Midfoot - Dorsolateral Approach
This Midfoot – Dorsolateral Approach course will teach you:
- To access the following bones of the midfoot:
- the cuboid and calcaneocuboid joint
- the 5th and/or 4th metatarsal, or its adjacent joints.
Special attention is paid to the following hazards you may encounter during the Midfoot – Dorsolateral Approach:
- Sural nerve branches injury
- Fibularis brevis tendon injury
With the following tips you might perform the Midfoot – Dorsolateral Approach even better:
- Sural nerve branch isolation
- Foot fasciotomy in case of compartment syndrome
- Facilitating muscles and tendon retraction
- Thickness of the dissection layer
- Increasing exposure to calcaneus/cuboid by retracting the extensor digitorum brevis tendon
- Better exposure of the 4th tarsometatarsal joint and/or the 5th tarsometatarsal joint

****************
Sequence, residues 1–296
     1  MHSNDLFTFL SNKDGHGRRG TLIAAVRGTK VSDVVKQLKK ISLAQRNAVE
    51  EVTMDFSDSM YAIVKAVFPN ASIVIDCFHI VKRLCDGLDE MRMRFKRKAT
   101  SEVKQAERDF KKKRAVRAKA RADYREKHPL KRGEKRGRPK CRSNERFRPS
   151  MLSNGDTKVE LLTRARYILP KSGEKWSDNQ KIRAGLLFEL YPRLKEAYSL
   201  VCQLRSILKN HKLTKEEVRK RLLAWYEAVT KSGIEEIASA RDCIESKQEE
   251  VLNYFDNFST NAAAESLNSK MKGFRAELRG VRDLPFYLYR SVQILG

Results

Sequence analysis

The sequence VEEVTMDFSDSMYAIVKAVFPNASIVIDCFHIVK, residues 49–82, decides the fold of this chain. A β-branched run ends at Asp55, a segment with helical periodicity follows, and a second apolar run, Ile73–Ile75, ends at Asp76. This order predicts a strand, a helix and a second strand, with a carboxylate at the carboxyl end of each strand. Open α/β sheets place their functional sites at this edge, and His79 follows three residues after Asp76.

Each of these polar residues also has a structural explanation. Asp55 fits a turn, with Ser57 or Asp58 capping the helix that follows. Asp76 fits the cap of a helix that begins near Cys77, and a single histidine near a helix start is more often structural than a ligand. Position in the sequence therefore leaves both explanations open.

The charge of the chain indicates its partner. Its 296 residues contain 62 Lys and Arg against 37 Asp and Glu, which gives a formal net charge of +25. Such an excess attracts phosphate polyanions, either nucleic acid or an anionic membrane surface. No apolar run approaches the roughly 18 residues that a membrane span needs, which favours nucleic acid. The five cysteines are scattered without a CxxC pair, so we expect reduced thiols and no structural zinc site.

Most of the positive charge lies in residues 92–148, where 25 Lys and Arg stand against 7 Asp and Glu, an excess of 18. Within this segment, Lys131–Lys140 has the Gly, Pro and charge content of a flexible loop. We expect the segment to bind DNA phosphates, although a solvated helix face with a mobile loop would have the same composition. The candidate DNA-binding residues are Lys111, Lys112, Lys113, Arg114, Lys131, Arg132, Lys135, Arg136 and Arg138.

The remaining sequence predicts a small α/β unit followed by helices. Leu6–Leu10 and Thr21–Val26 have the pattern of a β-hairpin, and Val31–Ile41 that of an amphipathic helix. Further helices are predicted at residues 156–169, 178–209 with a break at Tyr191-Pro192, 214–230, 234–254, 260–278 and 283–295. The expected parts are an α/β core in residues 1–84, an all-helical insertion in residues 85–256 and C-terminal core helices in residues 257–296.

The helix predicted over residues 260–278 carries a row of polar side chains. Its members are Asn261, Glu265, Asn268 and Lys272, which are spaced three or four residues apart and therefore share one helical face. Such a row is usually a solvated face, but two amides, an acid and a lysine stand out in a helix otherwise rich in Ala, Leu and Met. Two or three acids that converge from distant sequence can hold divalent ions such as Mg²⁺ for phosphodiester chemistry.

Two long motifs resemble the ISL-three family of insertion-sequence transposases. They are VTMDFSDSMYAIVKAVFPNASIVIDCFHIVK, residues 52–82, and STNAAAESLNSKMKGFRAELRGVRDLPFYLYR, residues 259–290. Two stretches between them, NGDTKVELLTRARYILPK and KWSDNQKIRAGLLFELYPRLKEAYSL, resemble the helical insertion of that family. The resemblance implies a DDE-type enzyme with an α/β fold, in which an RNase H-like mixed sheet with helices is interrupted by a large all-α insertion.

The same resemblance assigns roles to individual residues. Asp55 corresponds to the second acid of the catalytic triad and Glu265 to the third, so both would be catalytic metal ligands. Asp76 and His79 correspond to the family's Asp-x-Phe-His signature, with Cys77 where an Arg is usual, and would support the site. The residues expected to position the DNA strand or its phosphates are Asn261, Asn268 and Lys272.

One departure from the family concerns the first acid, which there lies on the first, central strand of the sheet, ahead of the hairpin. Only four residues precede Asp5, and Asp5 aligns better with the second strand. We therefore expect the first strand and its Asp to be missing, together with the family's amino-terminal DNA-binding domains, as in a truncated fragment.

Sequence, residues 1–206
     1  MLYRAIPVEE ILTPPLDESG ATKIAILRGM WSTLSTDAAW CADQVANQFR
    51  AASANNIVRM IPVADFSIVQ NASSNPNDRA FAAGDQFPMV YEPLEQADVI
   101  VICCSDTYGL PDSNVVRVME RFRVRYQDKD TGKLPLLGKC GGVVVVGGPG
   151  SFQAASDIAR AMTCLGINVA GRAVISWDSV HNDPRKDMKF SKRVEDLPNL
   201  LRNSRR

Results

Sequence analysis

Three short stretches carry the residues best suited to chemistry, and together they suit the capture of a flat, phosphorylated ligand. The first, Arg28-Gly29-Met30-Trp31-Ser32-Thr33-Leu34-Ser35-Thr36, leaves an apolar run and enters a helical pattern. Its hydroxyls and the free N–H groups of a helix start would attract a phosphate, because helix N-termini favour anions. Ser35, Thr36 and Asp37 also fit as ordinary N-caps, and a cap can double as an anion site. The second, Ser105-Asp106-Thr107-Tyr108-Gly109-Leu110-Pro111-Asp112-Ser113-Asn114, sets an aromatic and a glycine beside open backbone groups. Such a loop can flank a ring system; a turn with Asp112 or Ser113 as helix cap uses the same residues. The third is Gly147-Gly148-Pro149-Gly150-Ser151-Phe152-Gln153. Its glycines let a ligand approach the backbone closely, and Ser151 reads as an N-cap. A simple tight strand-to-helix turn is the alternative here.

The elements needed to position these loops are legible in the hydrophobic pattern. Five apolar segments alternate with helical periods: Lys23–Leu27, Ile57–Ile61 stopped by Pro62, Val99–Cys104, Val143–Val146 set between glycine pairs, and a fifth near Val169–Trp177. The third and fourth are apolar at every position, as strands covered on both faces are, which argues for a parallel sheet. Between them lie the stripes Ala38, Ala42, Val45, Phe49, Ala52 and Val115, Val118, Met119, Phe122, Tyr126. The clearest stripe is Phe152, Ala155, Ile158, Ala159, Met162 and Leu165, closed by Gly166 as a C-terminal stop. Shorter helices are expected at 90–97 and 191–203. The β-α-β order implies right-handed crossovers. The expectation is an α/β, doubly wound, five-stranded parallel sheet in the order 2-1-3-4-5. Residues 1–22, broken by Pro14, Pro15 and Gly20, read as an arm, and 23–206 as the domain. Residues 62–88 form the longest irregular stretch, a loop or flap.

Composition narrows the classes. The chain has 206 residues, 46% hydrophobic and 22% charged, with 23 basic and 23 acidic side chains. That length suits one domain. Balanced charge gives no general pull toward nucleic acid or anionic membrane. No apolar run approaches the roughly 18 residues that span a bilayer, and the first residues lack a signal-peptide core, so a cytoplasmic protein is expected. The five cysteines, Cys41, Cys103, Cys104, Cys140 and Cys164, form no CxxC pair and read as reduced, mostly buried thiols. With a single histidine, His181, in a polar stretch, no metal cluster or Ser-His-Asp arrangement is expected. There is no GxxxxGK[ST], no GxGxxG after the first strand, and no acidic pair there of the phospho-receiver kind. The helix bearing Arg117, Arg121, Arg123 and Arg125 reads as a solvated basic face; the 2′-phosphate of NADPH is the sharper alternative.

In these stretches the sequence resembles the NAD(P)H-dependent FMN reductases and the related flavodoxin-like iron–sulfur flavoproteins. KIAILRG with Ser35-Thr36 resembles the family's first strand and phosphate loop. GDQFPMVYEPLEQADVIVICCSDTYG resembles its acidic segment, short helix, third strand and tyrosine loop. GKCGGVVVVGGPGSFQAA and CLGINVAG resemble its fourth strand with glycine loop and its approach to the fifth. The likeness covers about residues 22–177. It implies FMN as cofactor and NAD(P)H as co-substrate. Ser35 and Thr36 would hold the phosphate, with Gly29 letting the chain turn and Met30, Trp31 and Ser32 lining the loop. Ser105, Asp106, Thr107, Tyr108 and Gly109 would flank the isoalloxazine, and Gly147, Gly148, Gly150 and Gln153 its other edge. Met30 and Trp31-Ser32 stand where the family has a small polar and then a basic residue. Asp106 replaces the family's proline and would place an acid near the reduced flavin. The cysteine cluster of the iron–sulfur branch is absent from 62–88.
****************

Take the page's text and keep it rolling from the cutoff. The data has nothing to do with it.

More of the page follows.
- Optimal access to the lateral malleolus, the posterior part of the subtalar joint and the calcaneocuboid joint
- Deep fascia closure
After studying the Midfoot – Dorsolateral Approach course you are familiar with the most common complications:
- Foot compartment syndrome
- Wound complications
- Post-traumatic arthritis
- Sural nerve branch injury
- Foot deformity
- Delayed union
Step by step
Identify the following landmarks on the skin: the base of the 4th and 5th metatarsal; the lateral malleolus and the tarsal sinus.
Mark the skin starting at the base of the 4th metatarsal and ending 1 cm inferior to the tarsal sinus.
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